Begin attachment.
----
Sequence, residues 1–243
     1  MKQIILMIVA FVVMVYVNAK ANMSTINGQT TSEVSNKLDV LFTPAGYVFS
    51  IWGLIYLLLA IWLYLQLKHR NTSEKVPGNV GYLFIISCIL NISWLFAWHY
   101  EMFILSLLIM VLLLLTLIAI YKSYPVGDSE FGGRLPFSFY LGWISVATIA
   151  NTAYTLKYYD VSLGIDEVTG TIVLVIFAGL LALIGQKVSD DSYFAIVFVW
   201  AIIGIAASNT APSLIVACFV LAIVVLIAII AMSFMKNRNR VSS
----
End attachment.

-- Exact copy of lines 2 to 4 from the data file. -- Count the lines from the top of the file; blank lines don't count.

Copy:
     1  MKQIILMIVA FVVMVYVNAK ANMSTINGQT TSEVSNKLDV LFTPAGYVFS
    51  IWGLIYLLLA IWLYLQLKHR NTSEKVPGNV GYLFIISCIL NISWLFAWHY
   101  EMFILSLLIM VLLLLTLIAI YKSYPVGDSE FGGRLPFSFY LGWISVATIA